Muralists take old art form to cutting edge

By Deng Zhangyu ( China Daily ) Updated: 2014-10-14 09:38:18

Muralists take old art form to cutting edge

The third National Mural Exhibition in Beijing. Provided to China Daily

From the earliest etchings on cave walls to guerilla art painted on walls inside subway stations, murals have developed right along with human culture for thousands of years. The just-ended third National Mural Exhibition in Beijing, held once every five years, offered a glimpse into the current development of an art form that dates back to the Stone Age.

The 159 murals on display at the Art Museum of Central Academy of Fine Arts showed muralists' exploration of new materials applied to murals in the past five years. Murals are not simple paintings on walls any more. Sculptures, installations and new media are incorporated into this traditional art form.

Muralists take old art form to cutting edge

Artists following in their fathers' footsteps 

Muralists take old art form to cutting edge

A fresh, hip vision of Beijing life 

"Murals are all inclusive of different art forms. As long as it suits the environment, everything can be used when creating a mural, such as metals, ceramics and other comprehensive materials," says honorary chairman of the China Mural Association Hou Yimin.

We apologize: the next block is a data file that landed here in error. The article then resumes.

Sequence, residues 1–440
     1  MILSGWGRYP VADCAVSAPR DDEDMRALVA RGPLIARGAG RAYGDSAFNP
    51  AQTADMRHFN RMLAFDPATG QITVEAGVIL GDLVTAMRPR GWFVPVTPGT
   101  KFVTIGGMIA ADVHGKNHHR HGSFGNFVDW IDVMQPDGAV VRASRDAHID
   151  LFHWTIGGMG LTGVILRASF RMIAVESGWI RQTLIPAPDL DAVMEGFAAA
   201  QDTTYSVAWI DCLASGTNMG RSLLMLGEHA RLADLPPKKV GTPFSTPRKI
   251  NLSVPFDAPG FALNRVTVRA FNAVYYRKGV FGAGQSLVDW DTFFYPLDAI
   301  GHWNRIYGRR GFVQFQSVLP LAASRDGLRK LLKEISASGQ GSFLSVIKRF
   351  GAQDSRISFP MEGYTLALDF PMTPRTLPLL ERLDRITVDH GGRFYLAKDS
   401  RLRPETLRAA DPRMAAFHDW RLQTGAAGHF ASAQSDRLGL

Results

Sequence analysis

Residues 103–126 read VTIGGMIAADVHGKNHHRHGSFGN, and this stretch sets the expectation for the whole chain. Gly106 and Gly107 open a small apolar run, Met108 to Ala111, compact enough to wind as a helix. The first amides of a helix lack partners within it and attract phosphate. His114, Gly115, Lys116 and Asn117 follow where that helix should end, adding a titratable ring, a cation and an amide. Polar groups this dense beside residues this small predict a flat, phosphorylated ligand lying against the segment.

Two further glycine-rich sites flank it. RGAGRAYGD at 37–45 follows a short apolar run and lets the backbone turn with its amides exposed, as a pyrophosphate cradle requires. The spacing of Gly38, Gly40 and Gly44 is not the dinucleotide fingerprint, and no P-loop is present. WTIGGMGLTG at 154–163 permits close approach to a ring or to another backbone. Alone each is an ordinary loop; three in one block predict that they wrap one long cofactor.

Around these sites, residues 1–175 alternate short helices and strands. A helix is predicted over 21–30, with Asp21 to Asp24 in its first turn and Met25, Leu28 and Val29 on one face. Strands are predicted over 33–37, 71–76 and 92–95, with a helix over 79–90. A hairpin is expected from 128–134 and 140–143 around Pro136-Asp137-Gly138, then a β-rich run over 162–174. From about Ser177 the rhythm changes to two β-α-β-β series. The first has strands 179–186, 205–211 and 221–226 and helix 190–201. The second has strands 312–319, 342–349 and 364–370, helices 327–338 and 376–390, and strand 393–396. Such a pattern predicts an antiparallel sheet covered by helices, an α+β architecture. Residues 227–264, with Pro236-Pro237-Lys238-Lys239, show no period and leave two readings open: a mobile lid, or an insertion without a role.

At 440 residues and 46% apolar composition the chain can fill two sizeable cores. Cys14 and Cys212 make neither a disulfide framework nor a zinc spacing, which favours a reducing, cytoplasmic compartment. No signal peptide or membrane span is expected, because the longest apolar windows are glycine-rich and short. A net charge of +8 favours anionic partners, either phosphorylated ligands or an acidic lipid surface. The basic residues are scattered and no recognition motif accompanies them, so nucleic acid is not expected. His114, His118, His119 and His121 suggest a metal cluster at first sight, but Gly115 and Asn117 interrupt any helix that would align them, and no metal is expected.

One of the most impressive murals on the show, Grain Store, was a photo montage of works on 10 buildings at three art museums. The collection of tile murals covered 23,000 square meters on different sites, completed by students and teachers of Sichuan Fine Arts Institute in Chengdu.

The work Lost explored digital technology, using 3-D graphics software to create overlapping images that form a boat. The work Birds displayed in a Beijing subway station used inlaid pieces of waste glass, known as cullet, and LED lamps to make a visual effect of colorful birds.

Silk, glass, wood, clay, porcelain, sand, leather - all of the materials one can imagine could be found in the various works on display.

China's mural art reached its peak in the Tang Dynasty (AD 618-907) and has declined since the Song Dynasty (960-1279). Since the founding of New China in 1949, artists have gradually returned to this art form. Since 1978, the airport mural revival movement led by artists Yuan Yunfu and Zhang Ding has turned a new leaf for the art form in China.

"Murals have become a cultural symbol of many cities and businesses. Although it's not that popular compared to oil on canvas and ink and water paintings, it faces the public directly," says Hou.

Hou adds that murals are always painted on landmark buildings that attract hundreds of thousands of people, which leads to muralists' experimenting with new materials to create their art.

While actual murals are created on walls and ceilings, many works in the exposition were only draft designs not yet executed in public spaces.

Hou explains that if the National Mural Show, which is put on only once every five years, only presents complete works, there will be little chance for young artists and it will kill their passion for the art form.

"For the sake of future murals, we welcome creative mural designs," Hou says.


Editor's Picks
Hot words

Most Popular